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Oil vacuum cleaner and efficiency in aluminium production win awards
19 April 2012
The Norwegian University of Science and Technology (NTNU)
A highly effective oil "vaccum cleaner", a solar ice maker and new efficiency advances in aluminium production developed by researchers and graduates from the Norwegian University of Science and Technology were among the winners of the more than NOK 2 million (Euro 264 000) in awards handed out at the Technoport 2012 conference, "Sharing Possibilities", held in Trondheim, Norway this week.
It seemed like an obvious idea -- why not use a vacuum cleaner design to clean up oil spills on rocks and other hard surfaces? That was the reasoning behind the invention developed by Silje Rabben, a graduate of the Norwegian University of Science and Technology (NTNU), who worked with two fellow NTNU students to develop a unique method for cleaning up oil spills. The technology works like a vacuum cleaner that blows bark on the oil and sucks up the whole mass.
Rabben and the company she now heads, Kaliber Industrial Design, was recognized this week with the Technoport Young Innovation Award. The NOK 200 000 prize is designed to support female researchers and inventors under the age of 40.
Rabben's recognition was just one of seven awards handed out in conjunction with Technoport 2012, a biannual conference held in Trondheim Norway that is designed to bring policymakers, researchers and students together to discuss the transition to a green economy.
Professor Magne Runde, who holds a joint position at NTNU and at SINTEF, Scandinavia's largest independent research institution, was awarded NOK 200 000 for the Hydro Green Aluminium Award. Runde was honoured along with his colleague, Niklas Magnusson of SINTEF. The award recognizes outstanding research that improves the ecological footprint of aluminium production.
Four engineering and science students were also selected as the winners of the Mission Rio competition for which they developed a solar ice maker. The competition was for first-year master's students in an interdisciplinary course who were invited to develop ideas to be presented by the Norwegian delegation to the UN Rio+20 Sustainable Development conference in Rio de Janerio in June. The winners were Halfdan Knudsen and Erik Storaas from the NTNU Department of Energy and Process Engineering, Aleksander Kolstad from the NTNU Department of Chemistry, and Thomas Emdal Loland from the NTNU Department of Materials Science and Engineering. The four will travel to Rio in June to present their idea.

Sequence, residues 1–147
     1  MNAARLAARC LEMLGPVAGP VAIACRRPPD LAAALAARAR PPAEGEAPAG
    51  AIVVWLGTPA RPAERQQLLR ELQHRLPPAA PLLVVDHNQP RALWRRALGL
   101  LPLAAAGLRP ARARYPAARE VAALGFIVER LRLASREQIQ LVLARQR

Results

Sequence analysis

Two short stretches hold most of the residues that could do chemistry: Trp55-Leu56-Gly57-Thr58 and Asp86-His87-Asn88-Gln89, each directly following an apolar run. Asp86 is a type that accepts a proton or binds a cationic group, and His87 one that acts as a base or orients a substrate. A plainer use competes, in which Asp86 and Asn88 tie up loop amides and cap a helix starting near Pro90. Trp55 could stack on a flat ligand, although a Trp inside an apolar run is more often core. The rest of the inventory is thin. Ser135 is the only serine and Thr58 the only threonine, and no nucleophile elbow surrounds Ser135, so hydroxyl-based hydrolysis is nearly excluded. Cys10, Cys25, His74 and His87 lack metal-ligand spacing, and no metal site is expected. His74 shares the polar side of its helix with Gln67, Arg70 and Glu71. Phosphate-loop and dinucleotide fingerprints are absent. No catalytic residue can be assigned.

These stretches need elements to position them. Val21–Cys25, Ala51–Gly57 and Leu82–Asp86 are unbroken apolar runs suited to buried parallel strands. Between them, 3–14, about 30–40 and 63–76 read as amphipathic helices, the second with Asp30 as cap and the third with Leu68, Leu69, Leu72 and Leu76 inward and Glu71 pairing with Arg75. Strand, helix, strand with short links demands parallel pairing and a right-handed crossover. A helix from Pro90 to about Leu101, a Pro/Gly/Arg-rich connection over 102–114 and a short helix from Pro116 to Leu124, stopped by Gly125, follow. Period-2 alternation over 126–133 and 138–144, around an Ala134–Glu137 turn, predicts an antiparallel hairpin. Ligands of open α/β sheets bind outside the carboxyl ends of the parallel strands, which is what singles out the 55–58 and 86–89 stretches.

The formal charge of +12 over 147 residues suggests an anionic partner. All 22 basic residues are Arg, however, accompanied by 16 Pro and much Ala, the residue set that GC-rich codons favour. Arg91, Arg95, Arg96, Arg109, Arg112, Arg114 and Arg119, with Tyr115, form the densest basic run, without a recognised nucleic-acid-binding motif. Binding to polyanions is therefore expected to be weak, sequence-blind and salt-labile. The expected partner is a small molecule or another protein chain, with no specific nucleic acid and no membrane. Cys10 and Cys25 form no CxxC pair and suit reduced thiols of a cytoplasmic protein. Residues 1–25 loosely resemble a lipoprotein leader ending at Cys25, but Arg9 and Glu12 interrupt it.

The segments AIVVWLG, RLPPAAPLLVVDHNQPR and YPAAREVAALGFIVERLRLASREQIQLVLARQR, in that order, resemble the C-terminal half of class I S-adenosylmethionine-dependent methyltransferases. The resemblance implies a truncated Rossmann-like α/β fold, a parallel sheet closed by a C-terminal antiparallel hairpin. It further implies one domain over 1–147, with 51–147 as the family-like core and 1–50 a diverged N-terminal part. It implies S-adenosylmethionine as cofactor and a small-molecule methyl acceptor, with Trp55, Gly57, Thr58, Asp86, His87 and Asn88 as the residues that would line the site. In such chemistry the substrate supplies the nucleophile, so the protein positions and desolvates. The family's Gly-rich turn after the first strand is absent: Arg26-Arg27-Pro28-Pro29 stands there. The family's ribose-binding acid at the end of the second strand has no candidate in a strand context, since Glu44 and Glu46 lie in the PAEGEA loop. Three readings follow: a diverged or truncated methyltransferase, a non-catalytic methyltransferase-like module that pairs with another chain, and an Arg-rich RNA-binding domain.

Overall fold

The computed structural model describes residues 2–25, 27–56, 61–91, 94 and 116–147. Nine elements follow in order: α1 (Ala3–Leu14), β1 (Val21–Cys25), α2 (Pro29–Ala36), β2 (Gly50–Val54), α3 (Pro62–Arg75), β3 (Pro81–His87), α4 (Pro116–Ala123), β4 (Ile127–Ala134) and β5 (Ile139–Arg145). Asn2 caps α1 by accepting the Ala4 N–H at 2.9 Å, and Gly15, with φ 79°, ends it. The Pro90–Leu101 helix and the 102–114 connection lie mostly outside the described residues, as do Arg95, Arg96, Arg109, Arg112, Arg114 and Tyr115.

Other awards and winners were:
- The Gunnerus Award: Kamaljit Bawa was selected for the first-ever grant of this NOK 1 million award, which recognizes outstanding research on sustainability issues. The prize is sponsored by the Royal Norwegian Society of Sciences and Letters. in conjunction with SpareBank1 SMN and Technoport. Bawa, a biology professor from the University of Massachusetts, was recognized for his work on population biology in tropical forests.
- The Technoport Applied Technology Award: GasSecure AS was selected for the NOK 150 000 award for its development of the world's first wireless optical gas detector for industrial applications.
- Statoil Award for Outstanding Research: Eric Cayeux, from the University of Stavanger, was awarded NOK 200 000 for his work on the automation of petroleum drilling
- 2012 Technoport Design Award: Ole Petter Wullum was recognized with this NOK 150 000 award for his new concept for holiday homes and mountain huts, called SMÅHUS.
- Technoport Award for Innovative Environmental Technology: Cambi AS was recognized for their development of a thermal hydrolysis process (THP) which can be used to produce biogas from sewage and industrial sludge, as well as from wood, slaughterhouse and fish wastes. The award is for NOK 150 000.
Technoport is a consortium composed of NTNU, SINTEF, the Research Council of Norway, Statoil, HYDRO, NTE, The Royal Norwegian Society of Sciences and Letters, the municipality of Trondheim, Trøndelag county authorities, Innovation Norway and the savings bank Sparebank 1 SMN and partners such as IBM, SIEMENS, Kjeldsberg Eiendom, The Centre for Renewable Energy, the University of Oslo, IFE, Nordic Five Tech, Nordtek and ENOVA.
The consortium is working to develop a knowledge-sharing platform that involves key international stakeholders from science and technology, policy making and industry. The objective of this platform is to share possibilities and stimulate the transition towards a green economy.
Erik Storaas (centre) from the Department of Energy and Process Engineering, Aleksander Kolstad (left) from the Department of Chemistry, and Thomas Emdal Loland (right) from the Department of Materials Science and Engineering show off 12 ice cubes made with a solar ice maker. Photo: NTNU Info
Winners of the 2012 Technoport Awards in Trondheim, Norway. Photo: Technoport